A $20 ticket to Game 7 of the ALCS in Tampa on a victory Sunday night…

October 21, 2008 | Nestor Aparicio

Needless to say it’s been a whirlwind first week of my 40’s. Some folks told me it’d get hectic on the other side of the hill but as Jimmy Buffett once sang, “I can’t run at this pace very long…”

If you haven’t seen the videos on wnsTV, I hope you watch and enjoy them. What I’m basically trying to do is to put you “there” as Brent Musberger would say back in my childhood on CBS. We were there Sunday night for Game 7 and it was extraordinary fun, even for my wife who drove 240 miles at breakneck speed through the Everglades – faster than a hurricane – to see her team lose a dramatic decisive game. (Honestly, and trust me she hears this all the time, I’m done with Boston winning anything! Two baseball titles, bloody socks, Tom Brady comebacks, three Super Bowls and now a Celtics title – enough, already! I don’t openly root against the Red Sox because it does make my wife happy and at least they’re not the Yankees, but my heart ain’t breaking either.)

But even as enthusiastic as the Tampa fans were – and those freaking cowbells are beyond obnoxious after the first half-inning – it’s a little “fake,” this Rays love-in going on. I was wondering this morning, “I wonder how many of those 30,000 or so Rays ‘super fans’ with blue mohawks have even seen 100 Rays games in their lives?”

I mean, I got a ticket on the street for TWENTY DOLLARS last night. A pair for $40! Good seats, as you’ll see on the video. And there were dozens to be had, even in the first inning of the game when we got there. And it’s GAME FREAKING SEVEN!!!

My wife and I drove four hours, changed flights and picked up a cheap hotel to see the game. Obviously, I would’ve paid more. And there were over 1.5 million people in that town – all within 30 minutes of Tropicana Field — and no one thought enough to come out and bid $25 to take my seat.

Bad economy? Sure, no doubt. We’re all feeling that. Major League Baseball in Tampa Bay is sad, but maybe this is what it takes to make a franchise work long term there. Baseball should be a great time for the kids of that community in a cradle of fabulous baseball players and a place where the weather allows Wade Boggs, Fred McGriff, Darryl Strawberry, Doc Gooden, etc. a chance to play as much as the Latin players do, which is all day, every day. So, more than anything last night, I saw kids having a good time (probably because their parents could afford to bring them, unlike in Philadelphia this week where the demand will keep ticket prices to $250 per seat and up, even in bad times.) Those kids are having the same memories we had with Boog and Brooks, Cakes and Earl, Cal and Eddie, Brady and Mussina.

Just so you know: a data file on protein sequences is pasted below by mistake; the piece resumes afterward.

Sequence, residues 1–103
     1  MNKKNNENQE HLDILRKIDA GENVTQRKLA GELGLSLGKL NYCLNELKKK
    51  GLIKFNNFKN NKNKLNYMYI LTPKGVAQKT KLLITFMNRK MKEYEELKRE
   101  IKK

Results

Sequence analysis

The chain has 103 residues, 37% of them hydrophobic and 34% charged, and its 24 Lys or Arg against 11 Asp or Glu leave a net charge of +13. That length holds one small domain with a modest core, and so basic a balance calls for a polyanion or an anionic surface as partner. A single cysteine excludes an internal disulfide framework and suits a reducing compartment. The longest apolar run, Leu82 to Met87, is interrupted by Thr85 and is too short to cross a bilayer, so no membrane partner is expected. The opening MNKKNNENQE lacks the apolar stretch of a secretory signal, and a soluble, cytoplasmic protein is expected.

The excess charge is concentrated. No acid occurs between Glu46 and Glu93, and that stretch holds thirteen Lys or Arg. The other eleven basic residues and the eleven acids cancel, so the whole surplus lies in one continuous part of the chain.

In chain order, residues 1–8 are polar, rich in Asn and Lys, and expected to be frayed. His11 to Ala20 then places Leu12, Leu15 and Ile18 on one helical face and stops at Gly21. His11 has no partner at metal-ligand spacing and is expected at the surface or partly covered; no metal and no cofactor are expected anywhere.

The sheer joy is true, but shame on them if that dome is drawing 4,200 people again every night in 2011.

But that fate of “what have you done for me lately” has been the reality of many of these “Johnny come lately” franchises – ie. Jacksonville Jaguars, Arizona Cardinals, pick any NHL franchise from Tampa Bay to Carolina, from Nashville to Columbus to Phoenix, Florida Marlins, Arizona Diamondbacks and Seattle and New Orleans in the NBA.

But I’m sorta pulling for Tampa Bay, after seeing how the community was all charged up last night. Good for them. Better them for the first time (even though the team probably should’ve never existed in the first place, especially in that retro-carnival tent they play in) than New York or Boston again.

At least that’s how I see it.

Go watch the videos and write and tell me if they suck. Such is the beauty of the internet. Instant feedback

******

Lost in all of my excitement of the impromptu and downright affordable ALCS “roadie” I pulled off with my wife was the Ravens fun win in Miami earlier on Sunday.

I will be writing at length about “Cmac-Gate” when I have a little more time. There’s a LOT going on behind the scenes there and I’ll provide all of the insight I have tomorrow.

I also shot some fun videos of the pre-game excitement with so many purple people in the parking lot in Miami.

Joe Flacco was good. Ray Lewis continues to amaze us. And even Willis McGahee got into the act on Sunday, running the ball the way we expected him to do it.

But this Harbaugh-McAlister war going on inside the Bellagio has more twists and turns than anything we’ve seen since Camp HardBall began.

But like Harbaugh, I’ve got my own problems. We have many issues related to the website launch that I’m dealing with this week.

We know it’s not perfect, but it’s effectively Day 2 for the site.

WNST.net will get better every day moving forward.

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